Mary Fisher before that day in August 1992 was a television producer and assistant to Gerald R. Ford. She was a recognized artist/mother and daughter of Max Fisher a longtime republican leader and presidential advisor. A year prior to her giving the speech Mary discovered that she was HIV positive. Focusing on raising awareness worldwide for this issue Mary Fisher has made a huge difference in today’s society’s outlook on HIV/AIDS and how the issue should be approached. The notion of A Whisper of Aids is extremely straightforward to what it refers to, which is the silence of the people to this worldwide deathly epidemic.
The whisper of Aids seems constantly hushed in our society, a taboo, covered by the shouts of shameful accusations aimed at its helpless victims. This turns into the deaths of millions worldwide. In our modern society even mentioning AIDS still manages to cause an increasing feeling of discomfort. A Whisper of Aids by Mary Fisher is an eloquently written speech focusing on the “brutally clear reality” of AIDS. AIDS is not a disease that simply affects certain kinds of people. “It does not ask whether you are black or white, male or female, gay or straight, young or old. It isn’t something to be stereotyped to specific people it is a disease that see’s nothing but a host to infect and ruin.
The infectious rate is at a constant increase which is fueled by our prejudiced silence. In her speech Mary Fisher begs of her Party to take a compassionate public stand. She asks of them to not only speak but to act on their words and she motivates these actions by invoking fear into her audience. Through her words she’s opened the eyes of many and opened their hearts through fear for their own safety, their families and their loved ones safety as well.
She speaks of the shame the victims of this terrible virus feel. How they stay silent because of its taboo in our society. Hushed condolences and mournings spread through the nation.. Implying that it is our job to provide a safe haven for our children and loved ones instead of keeping to this shroud silence, shunning out those who need us most. In this speech Mary Fisher very simply pleads her audience to have courage and set aside the prejudices that have plagued their minds, to make room for compassion and sound policy in their hearts and to make the world a safer, kinder place for our children.
What Mary Fisher did was one of the most courageous and bold acts of any political women of that time. She was able to stand in front of countless people or more specifically in its entirety in front of 27 million people being openly broadcasted live by ABC,CBS,NBC and PBS. and openly say that she had AIDS during a time where it was even more of a taboo than it is now. Her speech was structured flawlessly from beginning to end. She began by catching everyone’s attention challenging the audience and political parties there in a brave remark.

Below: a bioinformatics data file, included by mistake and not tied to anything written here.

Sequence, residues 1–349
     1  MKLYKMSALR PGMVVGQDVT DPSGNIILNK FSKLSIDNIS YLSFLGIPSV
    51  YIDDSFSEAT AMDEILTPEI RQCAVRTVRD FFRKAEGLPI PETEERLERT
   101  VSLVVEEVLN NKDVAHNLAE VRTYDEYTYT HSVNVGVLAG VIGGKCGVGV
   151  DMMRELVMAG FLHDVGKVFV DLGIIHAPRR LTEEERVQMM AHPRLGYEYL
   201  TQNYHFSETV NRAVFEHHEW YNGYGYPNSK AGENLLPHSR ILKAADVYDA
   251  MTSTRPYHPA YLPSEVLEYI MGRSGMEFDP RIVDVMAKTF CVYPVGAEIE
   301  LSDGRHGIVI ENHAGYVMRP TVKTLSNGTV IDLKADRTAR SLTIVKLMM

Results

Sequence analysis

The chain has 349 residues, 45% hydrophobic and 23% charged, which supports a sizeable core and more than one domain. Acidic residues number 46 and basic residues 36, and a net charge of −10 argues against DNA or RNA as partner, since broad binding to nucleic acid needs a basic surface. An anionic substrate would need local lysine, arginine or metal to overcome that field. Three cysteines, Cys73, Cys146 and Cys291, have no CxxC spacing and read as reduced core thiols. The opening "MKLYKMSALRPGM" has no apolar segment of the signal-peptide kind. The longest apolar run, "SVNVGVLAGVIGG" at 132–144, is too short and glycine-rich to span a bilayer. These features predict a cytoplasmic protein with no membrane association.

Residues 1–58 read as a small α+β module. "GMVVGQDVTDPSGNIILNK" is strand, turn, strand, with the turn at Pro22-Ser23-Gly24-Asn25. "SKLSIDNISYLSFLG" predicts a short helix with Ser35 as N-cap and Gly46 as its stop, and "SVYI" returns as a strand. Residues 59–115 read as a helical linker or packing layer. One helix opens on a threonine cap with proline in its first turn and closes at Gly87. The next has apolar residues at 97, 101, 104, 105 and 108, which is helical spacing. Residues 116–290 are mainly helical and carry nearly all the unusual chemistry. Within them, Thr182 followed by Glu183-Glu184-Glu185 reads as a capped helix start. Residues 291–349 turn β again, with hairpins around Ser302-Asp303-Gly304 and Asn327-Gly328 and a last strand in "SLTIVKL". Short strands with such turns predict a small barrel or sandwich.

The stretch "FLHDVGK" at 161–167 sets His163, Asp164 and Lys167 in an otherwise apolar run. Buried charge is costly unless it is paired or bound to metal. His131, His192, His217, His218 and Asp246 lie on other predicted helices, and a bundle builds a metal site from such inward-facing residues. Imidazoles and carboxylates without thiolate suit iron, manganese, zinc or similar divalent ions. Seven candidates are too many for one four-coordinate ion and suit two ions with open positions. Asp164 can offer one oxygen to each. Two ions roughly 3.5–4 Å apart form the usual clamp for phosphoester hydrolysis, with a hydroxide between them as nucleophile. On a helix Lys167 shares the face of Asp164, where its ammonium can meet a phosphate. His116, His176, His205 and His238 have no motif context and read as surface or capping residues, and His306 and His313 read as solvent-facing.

Mary used pathos and even more rhetorical appeals to ethically sound and shape her view. Because of her status she already was ahead of the game gaining the worlds attention and solidified the ethos in her speech as a whole while the given statistics added the much needed logos to appeal and convince the audience of the importance of this topic. Through her use of logos Mary helped the audience understand the issue at hand on a more knowledgable level while the emotional side of the already taboo and distressing topic made a natural passageway for pathos.
Mary Fisher used her motherly attributes to relate, persuade and induce emotion from her audience nearing the end of her speech by basically saying her early “goodbyes” to her two children. She proclaimed “I will not hurry to leave you, my children, but when I go, I pray that you will not suffer shame on my account. ” This statement was heart wrenching and at the same time pointed our her shame towards her illness and in the same breath explained that she wouldn’t want her children feeling this same shame as her.
Mary spoke loud and clearly without any unnecessary pauses or interruptions she remained calm and collected. Her body language alongside was fitting to her purpose, head high, shoulders straightened and calm composure. Her speech was perfectly planned aiming at the audience she was conveying this message to. She wasn’t frightened or intimidated in the least bit by the huge audience at the Republican Nation Convention in Houston, Texas or by the fact that she was being watched and broadcasted as well.
Even the most skeptical viewers could not argue against the statistics given which were even more trusted because of her strong background and ethos. Women in the audience could be seen crying in the audience, moved by her powerful words while her father sat strong and attentive watching over her in a proud yet mourning state. Her speech was focused towards politicians and rich folk who could decide to make a difference, she wanted them to understand that this was not a topic simply affecting minorities but also a silent danger that could so easily affect them as well.